The Indian perspective of COVID-19 outbreak.

The Indian perspective of COVID-19 outbreak.

The emerging infection of COVID19 was initiated from Wuhan, China, have been spread to more than 210 countries around the globe including India. The clinical symptoms of COVID19 are very similar to other respiratory viruses.

The number of laboratory-confirmed cases and associated deaths are increasing regularly in various parts of the World. Seven coronaviruses (229E, NL63, OC43, HKU1, SARS, MERS and, COVID19) can naturally infect human beings. Out of these four (229E-CoV, NL63-CoV, OC43-CoV, HKU1-CoV) are responsible for mild upper respiratory infections, while SARS-CoV, MERS-CoV, and COVID19 are well known for their high mortality.

Few mild strains of coronaviruses are circulating in India but there is no evidence of SARS and MERS outbreaks. The COVID19 is an emerging viral infection responsible for pandemics. Fortunately, the mortality of COVID19 is low as compared with SARS and MERS, the majority of its cases are recovered.

The death toll of COVID19 is high even after its low mortality because COVID19 causes a pandemic while SARS-CoV and MERS-CoV cause epidemics only. 

COVID19 influenced the large segments of the world population, which led to a public health emergency of international concern, putting all health organizations on high alert. COVID19 is the first coronavirus after Spanish Flu 1918-1919, who has extremely influenced the health system, economy, and psychology of India.

The present study review is on the general continent, virology, pathogenesis, global epidemiology, clinical presentation, diagnosis, treatment and control of COVID19 with the reference to India.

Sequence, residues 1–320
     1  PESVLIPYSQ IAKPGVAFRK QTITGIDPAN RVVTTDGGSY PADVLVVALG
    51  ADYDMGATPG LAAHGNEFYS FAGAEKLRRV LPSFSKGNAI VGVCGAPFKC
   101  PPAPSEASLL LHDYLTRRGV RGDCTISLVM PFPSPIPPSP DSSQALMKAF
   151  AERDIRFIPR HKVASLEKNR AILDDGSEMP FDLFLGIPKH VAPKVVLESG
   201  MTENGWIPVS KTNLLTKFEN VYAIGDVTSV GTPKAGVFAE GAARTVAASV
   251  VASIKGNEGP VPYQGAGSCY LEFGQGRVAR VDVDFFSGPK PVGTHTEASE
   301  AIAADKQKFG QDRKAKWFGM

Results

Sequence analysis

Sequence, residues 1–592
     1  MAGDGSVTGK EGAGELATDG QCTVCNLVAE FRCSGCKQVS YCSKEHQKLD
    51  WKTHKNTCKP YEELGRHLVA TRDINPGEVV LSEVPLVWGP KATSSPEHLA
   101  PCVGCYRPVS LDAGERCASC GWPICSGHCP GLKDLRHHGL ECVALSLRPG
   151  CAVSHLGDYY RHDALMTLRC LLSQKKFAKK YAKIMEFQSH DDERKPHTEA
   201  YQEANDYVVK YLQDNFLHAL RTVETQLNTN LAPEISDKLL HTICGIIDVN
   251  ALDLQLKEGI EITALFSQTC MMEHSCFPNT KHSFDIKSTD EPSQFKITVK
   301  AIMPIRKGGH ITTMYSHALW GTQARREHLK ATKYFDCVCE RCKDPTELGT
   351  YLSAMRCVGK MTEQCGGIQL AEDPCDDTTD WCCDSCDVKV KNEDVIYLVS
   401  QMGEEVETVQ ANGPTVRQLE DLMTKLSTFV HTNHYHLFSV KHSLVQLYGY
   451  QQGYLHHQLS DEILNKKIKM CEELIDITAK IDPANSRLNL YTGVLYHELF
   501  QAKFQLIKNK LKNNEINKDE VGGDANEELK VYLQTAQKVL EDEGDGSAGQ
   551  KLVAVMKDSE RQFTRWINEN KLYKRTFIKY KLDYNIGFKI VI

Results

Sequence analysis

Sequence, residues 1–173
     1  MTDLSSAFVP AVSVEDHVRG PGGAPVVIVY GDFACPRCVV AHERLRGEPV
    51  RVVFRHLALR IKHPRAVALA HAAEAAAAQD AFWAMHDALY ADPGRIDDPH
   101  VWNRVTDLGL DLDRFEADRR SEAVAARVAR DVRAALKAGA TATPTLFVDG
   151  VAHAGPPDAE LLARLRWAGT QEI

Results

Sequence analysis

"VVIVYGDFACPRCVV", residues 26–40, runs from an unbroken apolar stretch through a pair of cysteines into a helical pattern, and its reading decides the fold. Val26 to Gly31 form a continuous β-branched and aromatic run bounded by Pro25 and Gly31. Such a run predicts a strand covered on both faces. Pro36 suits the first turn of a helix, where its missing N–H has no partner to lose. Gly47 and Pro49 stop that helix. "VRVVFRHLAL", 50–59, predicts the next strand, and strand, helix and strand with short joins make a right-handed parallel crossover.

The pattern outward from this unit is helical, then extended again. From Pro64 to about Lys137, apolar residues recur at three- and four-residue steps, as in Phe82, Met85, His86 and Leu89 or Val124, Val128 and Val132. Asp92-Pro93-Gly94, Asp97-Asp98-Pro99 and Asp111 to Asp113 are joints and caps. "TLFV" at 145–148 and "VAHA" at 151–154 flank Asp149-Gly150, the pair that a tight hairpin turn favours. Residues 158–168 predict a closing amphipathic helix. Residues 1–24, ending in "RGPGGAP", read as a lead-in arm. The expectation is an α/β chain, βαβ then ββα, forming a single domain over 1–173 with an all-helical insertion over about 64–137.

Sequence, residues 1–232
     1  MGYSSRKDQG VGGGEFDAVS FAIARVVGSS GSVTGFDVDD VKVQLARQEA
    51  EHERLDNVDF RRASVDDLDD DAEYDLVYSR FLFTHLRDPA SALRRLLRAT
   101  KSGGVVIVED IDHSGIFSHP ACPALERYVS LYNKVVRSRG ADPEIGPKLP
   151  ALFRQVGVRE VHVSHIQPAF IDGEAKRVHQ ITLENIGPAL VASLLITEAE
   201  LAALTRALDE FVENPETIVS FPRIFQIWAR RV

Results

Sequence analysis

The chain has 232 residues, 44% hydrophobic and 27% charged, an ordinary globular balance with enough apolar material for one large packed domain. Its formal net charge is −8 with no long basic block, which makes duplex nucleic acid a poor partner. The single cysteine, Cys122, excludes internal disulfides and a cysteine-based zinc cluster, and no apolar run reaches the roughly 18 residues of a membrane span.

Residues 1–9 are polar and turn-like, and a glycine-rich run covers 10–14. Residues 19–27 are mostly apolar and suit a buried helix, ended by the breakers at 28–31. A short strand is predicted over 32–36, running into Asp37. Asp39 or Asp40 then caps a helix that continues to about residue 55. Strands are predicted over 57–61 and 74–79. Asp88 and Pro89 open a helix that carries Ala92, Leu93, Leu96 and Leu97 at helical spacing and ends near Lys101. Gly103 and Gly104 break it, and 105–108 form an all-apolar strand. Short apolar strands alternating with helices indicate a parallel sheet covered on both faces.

The Indian perspective of COVID-19 outbreak.
The Indian perspective of COVID-19 outbreak.

CoViD19 Immunopathology and Immunotherapy.

New evidence on the T-cell immuno-pathology in patient’s with Corona Virus Disease 2019 (CoViD19) was reported by Diao et al. in MedRxiv (doi: 10.1101/2020.02.18.20024364) [1]. It reports observations on 522 patients with confirmed CoViD19 symptomatology, compared to 40 control subjects.

In brief, notable T cytopoenia was recorded by flow cytometry in the CD4+ and the CD8+ populations, which were significantly yet inversely correlated with remarkably increased serum levels of the pro-inflammatory cytokines IL-6, IL-10 and TNF-a. Flow cytometry established a progressive increase in the expression of programmed cell death marker-1 (PD-1) and T cell immunoglobulin and mucin domain 3 (Tim-3) as patients (n=14) deteriorated from prodromal to symptomatiCoViD19 requiring intensive care.

Here, we interpret these observations of Diao et al from our current understanding of T cell immunophysiology and immunopathology following an immune challenge in the form of sustained viral infection, as is the case in CoViD19, with emphasis on exhausted T cells (Tex).

Recent clinical trials to rescue Tex show promising outcomes. The relevance of these interventions for the prevention and treatment of CoViD19 is discussed. Taken together, the data of Diao et al could proffer the first glimpse of immunopathology and possible immunotherapy for patients with CoViD19.

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